• Internal communication (need to know)
  • No patient-identifying information
  • Medical emergency

Allowable DisclosuresWritten Authorization/Conse
  • Consent must include
  • Name of Program making disclosure
  • Name and title of individual or org. permitted
    to receive info.
  • Name of patient
  • Purpose of disclosure
  • How much what kind of info. will be disclosed
  • Signature of Patient and date of Consent
    wet/fax/scan/copy OK
  • Statement of Patients Right to Revoke and Rules
    of Redisclosure
  • Date of Expiration (Governed by State Law - No
    longer than 1 Yr)
  • Source 42 CFR 2.11

Allowable DisclosuresWritten Authorization/Conse
  • Must be in writing (not oral/verbal)
  • Must be current / not expired
  • Even with consent, no info. obtained can be used
    to criminally investigate or prosecute a
  • Must include Redisclosure notification notice
    that program may not redisclose patient info
    unless further disclosure is expressly
    permitted by the written consent of the person.
  • Sample Consent Forms at
  • Source 42 CFR 2.11

Allowable DisclosuresQualified Service
Organization (QSO)
  • Definition An Organization that provides
    services to a program, such as
  • data processing Electronic Medical Records
    info exchange
  • Holding/Storing patient data
  • dosage preparation laboratory analyses
  • bill collecting
  • legal, medical, accounting, or other
    professional services
  • Source 42 CFR 2.11

Allowable DisclosuresQualified Service
Organization (QSO)
  • A written agreement with a program under which
    that person
  • (1) Acknowledges that in receiving, storing,
    processing or otherwise dealing with any patient
    records from the programs, it is fully bound by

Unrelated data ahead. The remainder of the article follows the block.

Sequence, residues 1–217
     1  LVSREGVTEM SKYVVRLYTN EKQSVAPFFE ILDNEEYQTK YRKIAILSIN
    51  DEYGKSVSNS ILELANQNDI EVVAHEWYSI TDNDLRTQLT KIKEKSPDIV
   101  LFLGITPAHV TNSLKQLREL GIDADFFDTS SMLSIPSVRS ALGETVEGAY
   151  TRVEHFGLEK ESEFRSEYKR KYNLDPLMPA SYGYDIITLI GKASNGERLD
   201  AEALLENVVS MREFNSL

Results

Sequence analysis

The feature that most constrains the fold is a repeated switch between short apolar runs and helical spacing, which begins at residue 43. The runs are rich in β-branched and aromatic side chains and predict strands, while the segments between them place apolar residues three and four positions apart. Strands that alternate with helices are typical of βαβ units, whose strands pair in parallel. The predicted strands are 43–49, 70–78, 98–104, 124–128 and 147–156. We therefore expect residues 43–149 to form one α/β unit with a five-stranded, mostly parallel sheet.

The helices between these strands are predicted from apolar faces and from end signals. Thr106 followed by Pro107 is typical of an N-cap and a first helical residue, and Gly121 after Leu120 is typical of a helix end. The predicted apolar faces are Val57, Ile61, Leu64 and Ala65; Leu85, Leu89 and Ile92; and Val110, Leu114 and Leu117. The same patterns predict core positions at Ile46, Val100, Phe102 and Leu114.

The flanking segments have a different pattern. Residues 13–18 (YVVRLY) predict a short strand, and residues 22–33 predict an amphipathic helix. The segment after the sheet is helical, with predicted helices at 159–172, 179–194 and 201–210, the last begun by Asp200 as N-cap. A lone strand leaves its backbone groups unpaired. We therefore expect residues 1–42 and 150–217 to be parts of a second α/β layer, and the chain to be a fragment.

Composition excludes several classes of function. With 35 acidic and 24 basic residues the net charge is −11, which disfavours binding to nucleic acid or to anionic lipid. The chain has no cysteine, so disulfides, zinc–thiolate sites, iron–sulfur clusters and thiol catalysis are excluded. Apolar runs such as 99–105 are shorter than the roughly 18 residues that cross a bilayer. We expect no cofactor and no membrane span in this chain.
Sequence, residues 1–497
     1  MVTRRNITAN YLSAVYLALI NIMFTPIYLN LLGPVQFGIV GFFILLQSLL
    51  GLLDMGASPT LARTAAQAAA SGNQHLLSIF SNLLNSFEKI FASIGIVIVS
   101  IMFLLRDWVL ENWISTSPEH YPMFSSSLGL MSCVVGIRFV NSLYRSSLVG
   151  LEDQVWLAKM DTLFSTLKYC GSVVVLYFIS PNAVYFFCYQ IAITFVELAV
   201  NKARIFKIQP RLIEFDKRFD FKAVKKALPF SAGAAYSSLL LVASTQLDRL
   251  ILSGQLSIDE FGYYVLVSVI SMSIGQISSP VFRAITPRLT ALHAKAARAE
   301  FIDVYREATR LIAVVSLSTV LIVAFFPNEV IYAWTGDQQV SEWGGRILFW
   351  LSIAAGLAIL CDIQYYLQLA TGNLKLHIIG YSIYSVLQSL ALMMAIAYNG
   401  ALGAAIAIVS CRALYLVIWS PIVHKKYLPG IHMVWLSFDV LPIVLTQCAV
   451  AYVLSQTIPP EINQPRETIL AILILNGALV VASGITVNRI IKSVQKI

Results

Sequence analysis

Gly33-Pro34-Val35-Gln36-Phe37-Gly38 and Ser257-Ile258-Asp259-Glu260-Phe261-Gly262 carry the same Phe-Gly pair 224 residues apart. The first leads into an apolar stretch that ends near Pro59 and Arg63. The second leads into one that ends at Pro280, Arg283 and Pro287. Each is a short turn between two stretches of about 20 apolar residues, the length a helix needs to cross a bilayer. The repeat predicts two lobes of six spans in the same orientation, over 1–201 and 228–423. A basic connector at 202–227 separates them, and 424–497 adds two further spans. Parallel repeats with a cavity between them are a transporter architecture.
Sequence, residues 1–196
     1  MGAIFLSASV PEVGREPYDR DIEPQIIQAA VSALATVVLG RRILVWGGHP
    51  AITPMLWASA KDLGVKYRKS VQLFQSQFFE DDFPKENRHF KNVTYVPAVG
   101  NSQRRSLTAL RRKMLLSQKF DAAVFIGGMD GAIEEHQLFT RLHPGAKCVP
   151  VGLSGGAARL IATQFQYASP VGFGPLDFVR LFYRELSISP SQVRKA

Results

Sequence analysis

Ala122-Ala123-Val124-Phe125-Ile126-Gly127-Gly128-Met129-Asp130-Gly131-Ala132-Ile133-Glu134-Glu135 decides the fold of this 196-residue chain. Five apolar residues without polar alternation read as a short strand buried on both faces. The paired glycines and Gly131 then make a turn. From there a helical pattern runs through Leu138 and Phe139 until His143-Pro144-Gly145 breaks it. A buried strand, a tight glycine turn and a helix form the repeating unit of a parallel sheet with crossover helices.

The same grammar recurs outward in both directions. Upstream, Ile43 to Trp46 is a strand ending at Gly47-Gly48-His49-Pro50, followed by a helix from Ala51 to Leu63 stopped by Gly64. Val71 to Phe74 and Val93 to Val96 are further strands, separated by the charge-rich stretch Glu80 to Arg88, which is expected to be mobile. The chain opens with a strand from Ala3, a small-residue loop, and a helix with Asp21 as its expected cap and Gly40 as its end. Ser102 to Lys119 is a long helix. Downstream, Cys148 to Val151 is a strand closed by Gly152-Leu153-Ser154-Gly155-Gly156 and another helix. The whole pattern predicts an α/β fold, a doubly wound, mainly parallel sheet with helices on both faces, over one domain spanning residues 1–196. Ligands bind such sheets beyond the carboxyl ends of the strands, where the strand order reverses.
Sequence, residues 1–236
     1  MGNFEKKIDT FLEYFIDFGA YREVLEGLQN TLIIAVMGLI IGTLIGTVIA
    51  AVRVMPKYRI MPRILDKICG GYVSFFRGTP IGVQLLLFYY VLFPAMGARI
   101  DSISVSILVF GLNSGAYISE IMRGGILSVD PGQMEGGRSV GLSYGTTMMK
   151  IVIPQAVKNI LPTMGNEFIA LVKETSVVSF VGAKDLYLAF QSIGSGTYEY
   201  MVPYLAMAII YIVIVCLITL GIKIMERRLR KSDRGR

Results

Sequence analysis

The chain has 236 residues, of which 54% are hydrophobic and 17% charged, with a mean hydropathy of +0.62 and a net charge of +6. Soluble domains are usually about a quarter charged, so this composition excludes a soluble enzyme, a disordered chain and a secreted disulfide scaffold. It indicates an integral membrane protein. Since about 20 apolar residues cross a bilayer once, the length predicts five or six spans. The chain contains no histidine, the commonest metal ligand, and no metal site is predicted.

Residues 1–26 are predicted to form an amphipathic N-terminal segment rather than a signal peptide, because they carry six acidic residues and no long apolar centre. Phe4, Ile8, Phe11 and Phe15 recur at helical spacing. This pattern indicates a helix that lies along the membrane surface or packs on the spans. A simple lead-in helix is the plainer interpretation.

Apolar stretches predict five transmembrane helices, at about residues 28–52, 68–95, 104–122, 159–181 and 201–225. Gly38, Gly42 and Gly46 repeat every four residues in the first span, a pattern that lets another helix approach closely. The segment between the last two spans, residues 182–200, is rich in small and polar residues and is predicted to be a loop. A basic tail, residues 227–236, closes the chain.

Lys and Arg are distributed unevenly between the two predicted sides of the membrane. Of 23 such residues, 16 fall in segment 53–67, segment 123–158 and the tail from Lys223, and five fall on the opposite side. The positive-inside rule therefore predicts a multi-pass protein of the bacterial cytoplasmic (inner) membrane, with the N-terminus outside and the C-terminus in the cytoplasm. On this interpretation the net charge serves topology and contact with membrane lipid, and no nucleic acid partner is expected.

these regulations and
  • (2) If necessary, will resist in judicial
    proceedings any efforts to obtain access to
    patient records except as permitted by these
  • Source 42 CFR 2.11

Allowable DisclosuresInternal Communications
  • May disclose patient-identifying information
    without consent within a program IF the recipient
    needs the info to provide alcohol / drug
  • If program is part of a larger multi-service
    organization, disclosure of info can only be made
    to personnel involved in records, billing, or
    direct clinical care of patient.
  • Cannot be shared with program or agency
    personnel who do not need it in specific
    connection to their duties.
  • Source 42 CFR 2.11

Allowable DisclosuresNo Patient-Identifying
  • Ok to disclose info. that does NOT identify a
    patient in any way.
  • Identifying info includes name, address, SSN,
    DOB, D/C date, date of death, phone numbers,
    account numbers, unique identifying
    characteristics, codes or numbers.
  • Source 42 CFR 2.11 HIPAA

Allowable DisclosuresMedical Emergency
  • Disclosure (and redisclosure) of
    patient-identifying info is permitted to medical
    personnel -but not family- if patient is
    experiencing a medical emergency.
  • Documentation of disclosure must occur
    immediately afterward
  • Name of medical personnel and healthcare facility
    to who disclosure was made
  • Name of individual making disclosure date time
  • Nature of Medical Emergency
  • Source 42 CFR 2.11

Allowable DisclosuresAudit/Evaluation/Research
  • Program can disclose patient-identifying info.
    without consent
  • Researchers But they are prohibited from using